The key to understanding Plutarch's Lives, as Charlotte Mason used them, can be found in the examination questions that were given. Something as innocent-sounding as Form III's "How did Alexander spend his days at a time of leisure?" may end up being, as Charlotte would say, suggestive. Note that there is nothing more there than a question--but it's a thought-provoking one. Did he make the dull time count for something, or was it unproductive? Form II's (younger students) were asked "Why and how did Alexander teach his men 'to acquaint themselves with hardness?'" They were not being asked to write essays on the importance of fortitude, they were simply asked to recount what was said or done; but the idea was there, to be taken or not.
Alcibiades, someone who had "great courage and quickness of understanding, but had many great faults and imperfections" inspired an examination question that went both ways: "Tell a story to illustrate (a), his courage, (b), his envy." Often the students were asked to describe someone's behaviour in a particular situation; again, not necessarily telling why this was good or bad, but telling the story, giving examples of particular virtues or vices.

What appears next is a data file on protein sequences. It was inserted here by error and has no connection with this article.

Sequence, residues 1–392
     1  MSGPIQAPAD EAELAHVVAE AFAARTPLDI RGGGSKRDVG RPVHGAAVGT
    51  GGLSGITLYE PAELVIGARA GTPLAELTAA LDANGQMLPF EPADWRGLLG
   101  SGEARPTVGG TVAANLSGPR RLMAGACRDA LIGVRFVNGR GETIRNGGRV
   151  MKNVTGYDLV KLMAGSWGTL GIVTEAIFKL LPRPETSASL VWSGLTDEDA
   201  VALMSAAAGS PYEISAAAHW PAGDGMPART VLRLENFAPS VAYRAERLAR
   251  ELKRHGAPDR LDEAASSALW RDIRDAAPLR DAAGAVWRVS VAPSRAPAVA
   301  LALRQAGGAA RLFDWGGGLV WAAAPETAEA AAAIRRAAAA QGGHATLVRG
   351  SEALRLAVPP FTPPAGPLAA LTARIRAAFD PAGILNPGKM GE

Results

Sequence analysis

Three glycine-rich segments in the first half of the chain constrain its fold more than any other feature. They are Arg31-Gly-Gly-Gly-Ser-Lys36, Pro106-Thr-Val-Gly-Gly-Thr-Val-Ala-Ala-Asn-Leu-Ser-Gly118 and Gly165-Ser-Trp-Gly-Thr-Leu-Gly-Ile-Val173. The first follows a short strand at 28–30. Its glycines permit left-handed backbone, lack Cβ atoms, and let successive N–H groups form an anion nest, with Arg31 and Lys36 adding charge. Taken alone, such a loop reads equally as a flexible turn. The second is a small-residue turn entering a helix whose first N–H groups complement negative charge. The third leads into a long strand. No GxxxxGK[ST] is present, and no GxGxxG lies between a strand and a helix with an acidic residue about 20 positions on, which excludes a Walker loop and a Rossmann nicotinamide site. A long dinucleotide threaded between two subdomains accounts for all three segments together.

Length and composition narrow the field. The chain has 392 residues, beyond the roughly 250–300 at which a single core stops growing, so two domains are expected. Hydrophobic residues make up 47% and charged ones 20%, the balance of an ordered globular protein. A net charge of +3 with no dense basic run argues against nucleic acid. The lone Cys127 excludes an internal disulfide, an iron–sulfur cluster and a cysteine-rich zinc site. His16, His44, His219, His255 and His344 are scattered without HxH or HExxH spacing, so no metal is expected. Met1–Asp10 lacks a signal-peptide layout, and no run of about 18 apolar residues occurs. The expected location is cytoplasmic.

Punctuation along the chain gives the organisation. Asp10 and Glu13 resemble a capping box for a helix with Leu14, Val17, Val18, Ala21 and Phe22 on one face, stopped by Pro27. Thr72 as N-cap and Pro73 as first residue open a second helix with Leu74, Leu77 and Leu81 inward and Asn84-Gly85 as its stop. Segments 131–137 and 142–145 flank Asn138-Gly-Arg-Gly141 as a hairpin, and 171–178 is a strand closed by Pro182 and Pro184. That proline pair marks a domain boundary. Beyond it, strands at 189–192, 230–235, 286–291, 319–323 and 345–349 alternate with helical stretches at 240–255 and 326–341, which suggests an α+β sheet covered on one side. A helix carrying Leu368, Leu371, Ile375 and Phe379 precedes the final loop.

In many cases the examination questions were based on a quotation, which may suggest to us as the "course facilitators" that we may want to make sure such sayings are noticed and remembered, in whatever ways seem the most natural for us to do so.
From Alexander again:
"Alexander loved to remember and reward the worthy deeds of men." Give two instances in details,
OR, "To live at pleasure is a vile thing, and to travail is princely." Why did Alexander thus rebuke his friends? Tell the whole story.
In the high school years, the quotations and the writing were at a higher level. From the Life of Julius Caesar, for Form IV (Grade 9):
1. Sketch briefly the character of Julius Caesar, and say to what events in his life the following sayings refer,--
(a), "A man can be but once undone, come on."
(b), "Time of war and law are two things."
(c), "Thou has Caesar and his fortune with thee."
And from Cleomenes, a question which seems to sum up much of Plutarch and Citizenship:
What were some of the things that Cleomenes "thought most fit and honourable for a prince" in private and in public life?